A very simple application. A grey-scale image is analyzed in pixels defined by another image called the mask. Only those pixels of the first image (grey-scale image) are analyzed which are "1" in the mask. After pressing Analyze the following parameters are calculated:

  • mean, trimmed mean (trimming % can be given), median, SD, SEM, number of pixels, lowest and highest pixel value
  • intensity histogram whose bin specifications can be given.

You can save the results to a text file or export the results into Matlab variables.

You can use the "imagegate" application in this page to create the mask image.

Syntax: mask_evaluate

Download the file below:


The application checks for updates after it is started.


Another simple application.You draw a region on interest (ROI) on to an image with a color specified in the GUI. There are two kinds of outputs:

  • mask output: pixels corresponding to the ROI are "1", the rest of the pixels are "0"
  • color output: the ROI is overlaid on the original image in red.

This is how to draw the ROI:

  • click on every corner of the polygon ROI
  • if you want to finish drawing the ROI, ALT-click or double-click
  • Exit: double-click after finishing a ROI, finish ROI with SHIFT-click
  • Draw rectangle ROI - ALT-click and drag
  • Draw square ROI - SHIFT-click and drag

Syntax: type 'imagegate' at the Matlab command prompt

  • Without input arguments the application will be started in GUI-mode.
  • If input arguments are given, the GUI won't be shown. Example for syntax when input arguments are present: imagegate(imageToDrawOn,'linecol','b','closeline',1,'timesdilate',0,'roitype',1/2,'radius',2)
imageToDrawOn - the image you would like to draw to ROI on
linecol - color of line to draw with followed by a string specifying the color according to the short (e.g. 'b') or long (e.g. 'blue') specification of Matlab
closeline - 0=don't close the line; 1=close the line
timesdilate - number of times the line is to be dilated (only interpreted if the ROI type is "line")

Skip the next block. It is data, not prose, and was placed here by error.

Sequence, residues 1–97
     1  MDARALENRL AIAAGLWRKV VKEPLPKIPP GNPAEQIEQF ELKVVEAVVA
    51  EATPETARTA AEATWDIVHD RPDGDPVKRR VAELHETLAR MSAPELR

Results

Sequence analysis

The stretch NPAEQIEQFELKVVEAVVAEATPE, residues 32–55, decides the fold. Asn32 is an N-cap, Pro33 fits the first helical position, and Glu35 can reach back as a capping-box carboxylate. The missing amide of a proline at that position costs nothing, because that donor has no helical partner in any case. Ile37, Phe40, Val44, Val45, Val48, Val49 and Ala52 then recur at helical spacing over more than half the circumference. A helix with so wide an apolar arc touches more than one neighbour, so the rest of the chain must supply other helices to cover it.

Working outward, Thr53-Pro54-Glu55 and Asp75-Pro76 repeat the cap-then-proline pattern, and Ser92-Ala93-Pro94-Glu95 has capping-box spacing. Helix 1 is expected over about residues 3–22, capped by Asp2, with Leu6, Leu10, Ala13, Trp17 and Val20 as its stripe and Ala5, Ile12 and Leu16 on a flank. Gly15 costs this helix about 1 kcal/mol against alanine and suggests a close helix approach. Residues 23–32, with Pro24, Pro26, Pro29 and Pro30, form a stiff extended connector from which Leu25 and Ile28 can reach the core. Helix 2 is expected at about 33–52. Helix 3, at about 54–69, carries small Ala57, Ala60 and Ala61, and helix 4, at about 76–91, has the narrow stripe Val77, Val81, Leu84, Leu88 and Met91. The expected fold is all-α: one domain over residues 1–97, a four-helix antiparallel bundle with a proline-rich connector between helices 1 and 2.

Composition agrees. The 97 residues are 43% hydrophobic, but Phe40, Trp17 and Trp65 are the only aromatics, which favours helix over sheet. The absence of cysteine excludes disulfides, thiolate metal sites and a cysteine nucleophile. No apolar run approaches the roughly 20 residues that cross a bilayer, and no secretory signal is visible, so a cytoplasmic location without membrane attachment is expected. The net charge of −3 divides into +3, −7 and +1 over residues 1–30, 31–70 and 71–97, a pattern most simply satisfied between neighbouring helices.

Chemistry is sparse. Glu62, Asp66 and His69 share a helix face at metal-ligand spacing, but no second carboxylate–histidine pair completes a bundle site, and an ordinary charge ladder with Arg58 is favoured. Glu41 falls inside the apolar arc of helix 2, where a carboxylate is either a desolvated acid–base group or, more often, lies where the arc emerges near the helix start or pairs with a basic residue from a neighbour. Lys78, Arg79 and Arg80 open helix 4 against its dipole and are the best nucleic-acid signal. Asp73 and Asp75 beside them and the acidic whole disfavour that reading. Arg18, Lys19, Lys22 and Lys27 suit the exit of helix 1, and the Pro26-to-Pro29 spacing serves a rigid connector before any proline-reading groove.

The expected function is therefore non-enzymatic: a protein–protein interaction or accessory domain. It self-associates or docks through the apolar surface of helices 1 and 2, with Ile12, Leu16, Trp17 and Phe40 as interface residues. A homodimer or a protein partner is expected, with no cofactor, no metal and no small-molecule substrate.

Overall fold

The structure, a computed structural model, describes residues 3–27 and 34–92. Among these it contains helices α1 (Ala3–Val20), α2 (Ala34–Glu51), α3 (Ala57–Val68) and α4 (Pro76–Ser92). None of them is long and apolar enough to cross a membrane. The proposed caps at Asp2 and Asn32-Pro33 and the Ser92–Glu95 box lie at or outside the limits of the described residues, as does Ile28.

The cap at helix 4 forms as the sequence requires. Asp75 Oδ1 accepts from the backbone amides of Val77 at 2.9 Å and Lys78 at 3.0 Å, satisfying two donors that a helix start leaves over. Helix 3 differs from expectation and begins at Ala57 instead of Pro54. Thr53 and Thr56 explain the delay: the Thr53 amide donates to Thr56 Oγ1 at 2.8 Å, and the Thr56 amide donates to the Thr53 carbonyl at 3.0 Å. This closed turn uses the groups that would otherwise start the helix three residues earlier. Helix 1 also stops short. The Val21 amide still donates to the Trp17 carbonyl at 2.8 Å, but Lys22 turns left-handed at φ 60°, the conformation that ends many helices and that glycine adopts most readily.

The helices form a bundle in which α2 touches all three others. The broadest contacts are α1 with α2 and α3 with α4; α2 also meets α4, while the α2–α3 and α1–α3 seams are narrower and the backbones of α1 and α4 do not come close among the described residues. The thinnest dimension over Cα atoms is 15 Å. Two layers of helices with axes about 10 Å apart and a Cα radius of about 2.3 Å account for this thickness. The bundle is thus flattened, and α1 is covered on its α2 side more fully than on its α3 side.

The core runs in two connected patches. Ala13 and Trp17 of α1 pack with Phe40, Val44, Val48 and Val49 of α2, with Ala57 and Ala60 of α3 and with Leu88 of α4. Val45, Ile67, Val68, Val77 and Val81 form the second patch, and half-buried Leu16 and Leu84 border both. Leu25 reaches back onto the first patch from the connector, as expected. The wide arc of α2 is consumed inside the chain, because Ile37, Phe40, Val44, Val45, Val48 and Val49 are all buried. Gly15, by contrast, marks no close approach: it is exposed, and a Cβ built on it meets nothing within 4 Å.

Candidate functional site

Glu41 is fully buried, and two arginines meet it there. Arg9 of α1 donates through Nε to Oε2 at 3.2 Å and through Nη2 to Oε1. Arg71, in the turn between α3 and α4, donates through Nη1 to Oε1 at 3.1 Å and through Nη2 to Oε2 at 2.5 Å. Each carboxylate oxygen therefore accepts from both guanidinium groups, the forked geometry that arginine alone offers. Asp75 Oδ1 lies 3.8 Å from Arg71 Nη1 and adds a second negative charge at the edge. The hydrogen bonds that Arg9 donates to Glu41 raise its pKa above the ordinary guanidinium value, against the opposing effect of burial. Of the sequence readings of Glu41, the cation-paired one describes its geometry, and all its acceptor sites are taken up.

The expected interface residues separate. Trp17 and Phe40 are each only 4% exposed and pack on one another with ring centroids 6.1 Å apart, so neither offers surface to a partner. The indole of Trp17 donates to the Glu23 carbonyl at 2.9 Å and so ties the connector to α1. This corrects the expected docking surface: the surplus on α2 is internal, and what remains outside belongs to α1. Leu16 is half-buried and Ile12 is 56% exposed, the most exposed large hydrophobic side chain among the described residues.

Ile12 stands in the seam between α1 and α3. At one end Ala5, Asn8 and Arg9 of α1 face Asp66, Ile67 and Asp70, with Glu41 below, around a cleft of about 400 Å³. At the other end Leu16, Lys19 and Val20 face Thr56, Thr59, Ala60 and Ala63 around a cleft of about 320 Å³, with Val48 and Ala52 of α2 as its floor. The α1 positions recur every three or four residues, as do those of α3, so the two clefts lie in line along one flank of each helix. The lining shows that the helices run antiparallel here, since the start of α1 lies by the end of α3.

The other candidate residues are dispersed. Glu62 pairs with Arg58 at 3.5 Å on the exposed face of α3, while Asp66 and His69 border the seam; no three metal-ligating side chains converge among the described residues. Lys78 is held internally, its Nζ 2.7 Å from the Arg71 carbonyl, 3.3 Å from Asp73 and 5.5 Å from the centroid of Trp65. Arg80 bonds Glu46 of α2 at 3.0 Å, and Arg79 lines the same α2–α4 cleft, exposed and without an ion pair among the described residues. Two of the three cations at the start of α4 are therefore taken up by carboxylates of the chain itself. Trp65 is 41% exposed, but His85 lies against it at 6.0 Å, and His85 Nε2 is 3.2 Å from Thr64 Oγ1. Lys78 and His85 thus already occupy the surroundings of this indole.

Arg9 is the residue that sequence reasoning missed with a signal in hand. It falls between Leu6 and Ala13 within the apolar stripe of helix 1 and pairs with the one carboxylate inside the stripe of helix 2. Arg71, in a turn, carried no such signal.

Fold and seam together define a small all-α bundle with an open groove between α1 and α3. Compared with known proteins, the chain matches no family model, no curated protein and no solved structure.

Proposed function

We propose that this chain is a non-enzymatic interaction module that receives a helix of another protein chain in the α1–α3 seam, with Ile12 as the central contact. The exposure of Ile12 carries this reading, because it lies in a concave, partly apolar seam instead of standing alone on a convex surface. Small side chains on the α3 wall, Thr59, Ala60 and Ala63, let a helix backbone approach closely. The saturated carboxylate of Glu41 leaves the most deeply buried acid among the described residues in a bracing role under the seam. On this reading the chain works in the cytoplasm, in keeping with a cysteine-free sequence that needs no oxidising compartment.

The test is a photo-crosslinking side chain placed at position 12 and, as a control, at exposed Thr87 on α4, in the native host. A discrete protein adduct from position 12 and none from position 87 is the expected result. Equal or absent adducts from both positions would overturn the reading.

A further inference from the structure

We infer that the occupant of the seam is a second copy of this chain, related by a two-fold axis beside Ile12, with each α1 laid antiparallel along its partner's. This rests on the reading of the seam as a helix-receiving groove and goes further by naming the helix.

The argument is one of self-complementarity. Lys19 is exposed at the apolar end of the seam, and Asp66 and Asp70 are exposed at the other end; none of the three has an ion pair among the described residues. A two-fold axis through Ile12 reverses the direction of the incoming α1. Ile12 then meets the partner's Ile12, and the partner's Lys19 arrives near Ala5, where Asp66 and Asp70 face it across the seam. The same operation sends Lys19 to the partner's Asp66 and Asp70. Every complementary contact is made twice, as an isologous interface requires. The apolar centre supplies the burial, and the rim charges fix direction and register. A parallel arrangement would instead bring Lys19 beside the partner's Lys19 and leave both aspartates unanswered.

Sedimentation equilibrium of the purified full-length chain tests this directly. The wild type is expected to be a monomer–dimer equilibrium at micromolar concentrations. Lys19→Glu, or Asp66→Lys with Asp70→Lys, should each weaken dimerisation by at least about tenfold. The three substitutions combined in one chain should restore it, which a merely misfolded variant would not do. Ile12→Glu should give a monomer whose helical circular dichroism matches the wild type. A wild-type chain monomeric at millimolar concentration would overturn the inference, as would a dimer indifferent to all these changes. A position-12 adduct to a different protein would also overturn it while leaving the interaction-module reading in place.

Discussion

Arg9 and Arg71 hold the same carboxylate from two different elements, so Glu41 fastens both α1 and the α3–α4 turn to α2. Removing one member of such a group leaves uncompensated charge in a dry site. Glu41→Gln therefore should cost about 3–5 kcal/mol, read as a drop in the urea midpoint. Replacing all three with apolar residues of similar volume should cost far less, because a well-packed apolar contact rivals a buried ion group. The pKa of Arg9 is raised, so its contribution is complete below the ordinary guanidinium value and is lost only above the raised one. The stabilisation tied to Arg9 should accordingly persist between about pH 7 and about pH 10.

roitype - 1=filled object; 2=line
radius - radius of circles drawn at the vertices of polygons
  • Optional output arguments: 1st output argument - mask image; 2nd output argument - color output image

Download the file below:


The application checks for updates after it is started.

openpicture: a GUI-based application to open images

The program is a simple application for opening images supported by the "bfopen" command of the BioFormats package under Matlab. Therefore, BioFormats must be installed. Since DipImage is the default output image type, DipImage must also be installed.
  •  openpicture (i.e. simply type "openpicture" at the Matlab command prompt). Three GUIs will be displayed consecutively. First, the user must decide if the images are exported into a DipImage image type or numeric array. Then, the user must select which image file to open. Lastly, if the image is a 3D stack, the user must decide if the images are to be exported into the Matlab environment as a stack or as single images.
  • openpicture(fullPathToImage, outputType) - the image which can be found at the location specified by the first input parameter (fullPathToImage) will be read. outputType can be 'dipimage' or 'numeric'. A GUI will be displayed to specify the output image and its type as explained above. If "outputType" is not specified, the type of the output will be DipImage.
  • imageOut=openpicture(fullPathToImage, outputType) - the same as above, but a GUI is not displayed for specifying the output. Instead, the output image will be "imageOut". If the image is 3D, the output will be a 3D stack.
  • imageOut=openpicture - the input will be specified by GUIs, but the output will be saved into the variable specified by the output argument of the function.

At every run of the program it automatically checks for available upgrades and warns the user to press the "Upgrade" button to perform the process.